McGuire C, Dale P, Copplestone D, Wilson C & Tyler A (2020) Characterising radium-226 particles from legacy contamination to support radiation dose assessments. Journal of Environmental Radioactivity, 212, Art. No.: 106127. https://doi.org/10.1016/j.jenvrad.2019.106127
Radioactive particles are physically discrete sources of radioactivity that have been released into the environment as a result of past emergencies, events and practices. As the release of radioactive particles is often unplanned, the source term has not been characterised, and the potential radiation doses have not been prospectively assessed. If a plausible exposure pathway exists, radioactive particles in the environment may present a hazard to the public depending on their radiological, physical and chemical characteristics. Given their physically discrete nature, standard assessment approaches such as dispersion and transfer modelling of liquid and gaseous radioactive releases, are not appropriate for radioactive particles. The challenge for national regulatory authorities is to calculate potential radiation doses from unplanned releases of radioactive particles into the environment, assess whether the doses are relevant to radiological protection and decide whether actions are required to reduce potential doses. To address this challenge, this paper presents the approach being adopted to radiologically, physically and chemically characterise Ra-226 particles from a contaminated legacy site using gamma spectrometry, optical macroscopy and SEM-EDS. The use of particle characterisation data to support radiation dose assessments is discussed and consideration is given to radioactive particles in the context of radiological protection.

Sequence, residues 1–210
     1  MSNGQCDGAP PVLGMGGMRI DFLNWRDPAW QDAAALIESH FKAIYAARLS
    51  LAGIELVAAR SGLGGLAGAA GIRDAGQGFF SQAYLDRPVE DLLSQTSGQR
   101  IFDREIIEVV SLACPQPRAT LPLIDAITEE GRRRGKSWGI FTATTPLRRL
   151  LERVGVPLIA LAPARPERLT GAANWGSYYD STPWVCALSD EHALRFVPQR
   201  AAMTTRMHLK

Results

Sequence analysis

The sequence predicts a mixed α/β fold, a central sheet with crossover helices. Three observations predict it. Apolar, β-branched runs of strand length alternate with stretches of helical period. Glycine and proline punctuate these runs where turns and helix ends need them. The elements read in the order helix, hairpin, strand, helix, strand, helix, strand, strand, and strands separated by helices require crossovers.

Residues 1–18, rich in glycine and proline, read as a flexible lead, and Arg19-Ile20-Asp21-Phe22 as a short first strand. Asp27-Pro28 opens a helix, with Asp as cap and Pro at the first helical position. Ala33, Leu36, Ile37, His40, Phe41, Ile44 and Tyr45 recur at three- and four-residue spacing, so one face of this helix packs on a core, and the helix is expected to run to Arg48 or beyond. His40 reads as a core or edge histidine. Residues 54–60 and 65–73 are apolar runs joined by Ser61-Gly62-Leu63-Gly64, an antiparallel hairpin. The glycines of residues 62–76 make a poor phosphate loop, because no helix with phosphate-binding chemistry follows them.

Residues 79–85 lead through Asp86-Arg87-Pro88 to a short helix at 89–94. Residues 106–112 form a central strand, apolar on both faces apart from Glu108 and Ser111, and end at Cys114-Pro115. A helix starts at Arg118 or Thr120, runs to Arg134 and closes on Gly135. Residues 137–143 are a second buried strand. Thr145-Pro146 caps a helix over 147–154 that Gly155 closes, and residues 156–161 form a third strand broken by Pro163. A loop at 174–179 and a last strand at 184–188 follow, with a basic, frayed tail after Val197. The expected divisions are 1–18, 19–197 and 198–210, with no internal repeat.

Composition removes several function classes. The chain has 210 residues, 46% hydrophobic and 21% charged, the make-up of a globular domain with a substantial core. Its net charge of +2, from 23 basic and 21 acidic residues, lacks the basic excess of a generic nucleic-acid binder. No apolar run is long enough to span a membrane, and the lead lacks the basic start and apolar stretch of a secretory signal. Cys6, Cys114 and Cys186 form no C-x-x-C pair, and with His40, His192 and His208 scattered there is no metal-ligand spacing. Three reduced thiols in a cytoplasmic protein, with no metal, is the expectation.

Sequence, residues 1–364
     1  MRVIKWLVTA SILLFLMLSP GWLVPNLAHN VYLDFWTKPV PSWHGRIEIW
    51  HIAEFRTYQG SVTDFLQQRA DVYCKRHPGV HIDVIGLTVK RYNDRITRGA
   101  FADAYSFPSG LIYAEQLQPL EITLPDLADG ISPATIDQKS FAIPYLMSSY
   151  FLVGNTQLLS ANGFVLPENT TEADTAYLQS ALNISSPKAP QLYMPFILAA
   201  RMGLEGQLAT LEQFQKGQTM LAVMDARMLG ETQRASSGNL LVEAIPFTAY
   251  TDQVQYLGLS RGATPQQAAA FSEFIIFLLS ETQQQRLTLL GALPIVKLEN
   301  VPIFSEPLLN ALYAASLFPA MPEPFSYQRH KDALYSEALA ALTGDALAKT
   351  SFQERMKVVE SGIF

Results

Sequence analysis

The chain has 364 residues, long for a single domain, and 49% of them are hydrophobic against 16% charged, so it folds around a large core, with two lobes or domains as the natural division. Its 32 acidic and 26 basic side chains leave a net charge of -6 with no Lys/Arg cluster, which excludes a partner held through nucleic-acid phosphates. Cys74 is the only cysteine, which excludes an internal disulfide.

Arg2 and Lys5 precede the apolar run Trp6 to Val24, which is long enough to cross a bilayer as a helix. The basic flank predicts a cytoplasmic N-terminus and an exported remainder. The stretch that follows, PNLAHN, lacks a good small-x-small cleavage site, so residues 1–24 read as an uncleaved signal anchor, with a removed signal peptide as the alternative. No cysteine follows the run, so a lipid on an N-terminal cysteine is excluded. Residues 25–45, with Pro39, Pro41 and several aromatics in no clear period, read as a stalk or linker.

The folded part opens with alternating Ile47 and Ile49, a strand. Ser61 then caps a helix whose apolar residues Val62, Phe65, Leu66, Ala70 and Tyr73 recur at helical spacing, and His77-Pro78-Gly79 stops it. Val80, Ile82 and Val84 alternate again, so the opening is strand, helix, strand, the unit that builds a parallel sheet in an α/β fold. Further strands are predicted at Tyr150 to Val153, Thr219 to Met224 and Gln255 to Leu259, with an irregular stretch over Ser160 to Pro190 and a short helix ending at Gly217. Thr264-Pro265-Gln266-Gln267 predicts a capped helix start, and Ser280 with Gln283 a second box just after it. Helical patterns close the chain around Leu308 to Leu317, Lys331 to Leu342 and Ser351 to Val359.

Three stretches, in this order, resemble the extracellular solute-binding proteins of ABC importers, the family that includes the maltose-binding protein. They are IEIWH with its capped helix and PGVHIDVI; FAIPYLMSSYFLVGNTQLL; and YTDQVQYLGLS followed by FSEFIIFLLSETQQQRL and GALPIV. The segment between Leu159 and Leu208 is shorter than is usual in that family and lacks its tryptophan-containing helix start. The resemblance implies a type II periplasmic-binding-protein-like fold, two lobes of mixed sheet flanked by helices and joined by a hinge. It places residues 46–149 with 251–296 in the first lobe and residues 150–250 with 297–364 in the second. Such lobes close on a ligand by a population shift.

Journal of Environmental Radioactivity: Volume 212